Although the Government may think that it can safely ignore this issue, since Sri Lankans are now used to the idea of travelling thousands of miles if they want to earn a reasonable income, doing so is putting the country in a vulnerable position.

In 2009, remittances became the single most important source of foreign exchange for Sri Lanka, overtaking exports of textiles and garments. Now textiles and garments exports earn only $4.0 billion compared to $6.0 billion in remittances, with exports of tea accounting for a mere $ 1.4 billion and tourism receipts amounting to just $ 1.0 billion.

Banning migration is not on the Government’s agenda. But what if it were adopted as an objective by receiving countries?

The Indian press has been full of such concerns in the last month, following the implementation by Saudi Arabia of stricter laws on what it calls ‘Saudisation’. Passed in response to the Arab Spring, which made the authorities in Middle Eastern countries think a bit harder about the well-being of their people, they require all companies to employ a minimum percentage of their citizens, as well as to pay them a fairly substantial minimum wage – exemptions for companies with under ten employees have been removed. Also, a new system that may do better at ensuring compliance has been established.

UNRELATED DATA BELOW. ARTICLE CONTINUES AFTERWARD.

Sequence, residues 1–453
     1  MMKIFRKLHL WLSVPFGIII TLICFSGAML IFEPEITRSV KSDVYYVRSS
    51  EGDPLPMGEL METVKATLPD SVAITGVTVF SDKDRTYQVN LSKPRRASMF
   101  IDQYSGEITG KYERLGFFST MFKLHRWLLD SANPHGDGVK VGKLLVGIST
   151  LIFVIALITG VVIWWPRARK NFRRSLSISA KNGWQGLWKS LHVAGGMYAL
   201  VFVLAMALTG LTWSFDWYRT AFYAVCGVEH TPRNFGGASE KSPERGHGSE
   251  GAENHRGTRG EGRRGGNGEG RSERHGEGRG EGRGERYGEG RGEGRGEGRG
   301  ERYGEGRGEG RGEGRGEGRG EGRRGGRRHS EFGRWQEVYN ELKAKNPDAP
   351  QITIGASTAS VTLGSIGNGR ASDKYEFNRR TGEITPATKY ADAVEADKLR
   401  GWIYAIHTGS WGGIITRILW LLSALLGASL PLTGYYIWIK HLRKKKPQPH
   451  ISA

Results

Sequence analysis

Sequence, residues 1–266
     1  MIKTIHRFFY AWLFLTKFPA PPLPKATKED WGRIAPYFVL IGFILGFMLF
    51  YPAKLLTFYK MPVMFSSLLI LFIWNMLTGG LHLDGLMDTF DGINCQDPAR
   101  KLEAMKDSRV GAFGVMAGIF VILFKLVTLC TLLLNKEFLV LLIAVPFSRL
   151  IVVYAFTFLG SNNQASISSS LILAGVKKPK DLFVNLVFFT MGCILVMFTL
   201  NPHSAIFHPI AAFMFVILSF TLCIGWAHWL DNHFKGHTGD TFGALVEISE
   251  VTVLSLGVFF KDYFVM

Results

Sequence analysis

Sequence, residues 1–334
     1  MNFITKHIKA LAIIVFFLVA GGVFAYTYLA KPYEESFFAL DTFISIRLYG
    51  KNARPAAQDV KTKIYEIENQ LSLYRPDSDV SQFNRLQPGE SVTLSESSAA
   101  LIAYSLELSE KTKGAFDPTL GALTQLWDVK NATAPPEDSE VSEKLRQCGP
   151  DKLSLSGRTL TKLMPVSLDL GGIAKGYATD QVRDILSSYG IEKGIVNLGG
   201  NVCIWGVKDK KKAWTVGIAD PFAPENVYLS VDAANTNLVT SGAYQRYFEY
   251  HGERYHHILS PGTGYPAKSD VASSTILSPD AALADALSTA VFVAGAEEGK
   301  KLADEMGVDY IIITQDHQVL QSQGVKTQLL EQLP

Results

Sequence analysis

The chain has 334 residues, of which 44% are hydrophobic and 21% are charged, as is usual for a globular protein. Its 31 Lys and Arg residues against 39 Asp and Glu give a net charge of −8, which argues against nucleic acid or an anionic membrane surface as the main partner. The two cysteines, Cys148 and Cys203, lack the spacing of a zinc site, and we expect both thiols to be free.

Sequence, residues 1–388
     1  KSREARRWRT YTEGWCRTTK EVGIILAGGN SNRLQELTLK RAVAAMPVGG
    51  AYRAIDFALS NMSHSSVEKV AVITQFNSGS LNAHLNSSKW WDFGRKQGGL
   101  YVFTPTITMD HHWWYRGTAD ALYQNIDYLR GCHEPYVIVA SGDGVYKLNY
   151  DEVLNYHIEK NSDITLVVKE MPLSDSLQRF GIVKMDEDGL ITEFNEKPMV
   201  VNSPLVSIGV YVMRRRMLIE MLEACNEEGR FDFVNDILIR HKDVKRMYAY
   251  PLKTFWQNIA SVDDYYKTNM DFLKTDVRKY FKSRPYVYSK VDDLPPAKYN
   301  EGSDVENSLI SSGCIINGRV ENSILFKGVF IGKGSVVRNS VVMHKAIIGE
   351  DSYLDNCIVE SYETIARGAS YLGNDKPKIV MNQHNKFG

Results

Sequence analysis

Kerala expects to be badly hit, with an unusually large share of its population working abroad, and its Chief Minister is already talking about establishing a rehabilitation package.

This is probably an overreaction, but at least they are aware that they are exposed.

With 2.3 million workers abroad out of a population of just 33.4 million, Kerala’s numbers are similar to Sri Lanka, except that it has the rest of India to back it up if required.

Although keeping people’s minds off such problems is no doubt awfully time consuming, it would be nice if Mahinda Rajapaksa could spare one or two members of his administration to come up with a few solutions.

However, the rest of his followers will have to intensify their search for the next Azath Salley. The way things are going in Sri Lanka, the Government is going to need to create a lot more demons if it is to continue distracting people, since every distraction is a reminder of just how far off the right track it has swerved. And each demon has to be more extraordinary than the last. Only a few months ago, people were thinking that it couldn’t get much worse than the absolutely reckless impeachment of the Chief Justice, and then along came the Bodu Bala Sena.